Rachel Allordgrew up as a pastor’s kid, vowed never to marry a
pastor, and has been contentedly married to her husband, a worship pastor, for
seventeen years. She holds a B.A. in English education and is privileged to be
both a biological and adoptive mother. Mother of My Son, her debut novel,
released in May 2013 through Pelican Book Group (Harbourlight). She resides in
Wisconsin where she avidly consumes coffee, sushi, and novels– preferably at
the same time.
Visit Rachel at www.rachelallord.com!
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When I began writing my
novel Mother of My Son, I didn’t know
first hand what it was like to adopt. A few years later, after holding my
daughter for the first time in a sun-lit governmental building in China, I did.
From then on, when I fleshed out scenes from the viewpoint of my adoptive mom
character, experience grounded me. I’d been there. I knew.And we all
know—altogether now—write what you know. Write what you understand, what you’ve
experienced, what you get.
Seek the story in what
But here’s the truth:
If we only crafted stories centered on our experiences the world would be full
sleepy books because, let’s face it, life is a whole lot of humdrum. Sure we
all have a handful of those firecracker moments—death and betrayal and crisis
and danger, utmost joy and searing loss—but mostly our days consist of moments
not worth writing about: losing keys. Staying up all night with a throwing up
kid. Muttering at the pick-up behind you riding your tail. Yawn, yawn and pass
the coffee. Not the ingredients for a best seller.
Could these moments be
helpful, even essential, to a writer? Does that frustration you feel when you
punch a series of numbers into your phone, desperate to talk to a real live not
automated person, bolster your ability to flesh out a character desperate for a
job? When you slam your finger in a drawer—can that pain help you create a
better car crash scene?Can the daily
blah be transformed into fodder for the craft?
Oh yes. The lackluster everyday provides lovely, rich soil in
which honesty and resonance flourish in our manuscripts.
The thing is, we have
to pay attention. As storytellers our job is to take what we know, what we
feel, begin there… and run like the wind. Take it a step further.Take, “When I was seven and my cat died I was
so sad I could hardly swallow” to “What if my father had died when I was seven?” True, in terms of loss, the
experiences can’t be compared; in terms of emotion, they can.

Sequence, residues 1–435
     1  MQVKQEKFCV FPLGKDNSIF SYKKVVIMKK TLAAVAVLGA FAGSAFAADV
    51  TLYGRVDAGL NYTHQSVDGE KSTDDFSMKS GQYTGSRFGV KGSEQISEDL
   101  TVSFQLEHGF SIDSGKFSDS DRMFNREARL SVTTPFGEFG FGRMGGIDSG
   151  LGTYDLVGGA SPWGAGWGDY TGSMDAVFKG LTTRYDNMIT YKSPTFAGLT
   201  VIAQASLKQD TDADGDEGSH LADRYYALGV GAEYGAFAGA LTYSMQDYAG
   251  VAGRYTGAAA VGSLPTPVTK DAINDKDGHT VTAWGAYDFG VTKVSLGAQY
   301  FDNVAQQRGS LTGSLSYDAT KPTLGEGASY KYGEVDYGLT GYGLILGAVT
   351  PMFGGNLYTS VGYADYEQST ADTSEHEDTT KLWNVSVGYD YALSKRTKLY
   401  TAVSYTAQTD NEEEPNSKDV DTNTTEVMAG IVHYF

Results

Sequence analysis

Here’s what I love
about writing: We are forced to wake up to the world around us. Why? It’s all
potential fodder. All of it. That mom hollering at her kids in aisle six? She
has a story. And it might be worth telling. So drink her in.What do you see in her eyes? I mean past the anger? What do you see in the
eyes of her children? In the eyes of those passing by? It’s like my high school
art teacher used to say: draw what you see,
not what you think you see. Write
what you see.
Seek the story in the
People are wonderfully,
infuriatingly complex. And we love complex characters, as layered as tiramisu.
But doggone it, they can be so tricky to pin down with words.
When I was knee deep in writing Mother of my Son I was hit with
a frightening realization: I didn’t understand my protagonist, Amber. Not only
that, I didn’t even like her. And if I didn’t like her, why would my readers?
She does this awful thing, right off the bat in the first chapter—she leaves
her newborn beside a dumpster. I felt compelled to tell her story, I couldn’t
shake it, but I didn’t get her.
So I got really quiet. I stopped clicking the
keys and prayed. And then I listened. Shhhh. What does she say? Who can I
listen to in my real world that’s tread a similar path?What news stories and radio shows can lend me
understanding? What memories and emotions can I dredge up to evoke empathy? How
can I move past the stereotype of her, the image that surfaces when I think
“girl leaves baby in dumpster” to her,
so I can write not what I think I see, but what I see.
Seek the story in what
you hope to understand.
Because story is all
around us, when we are watchful and hushed to see and hear.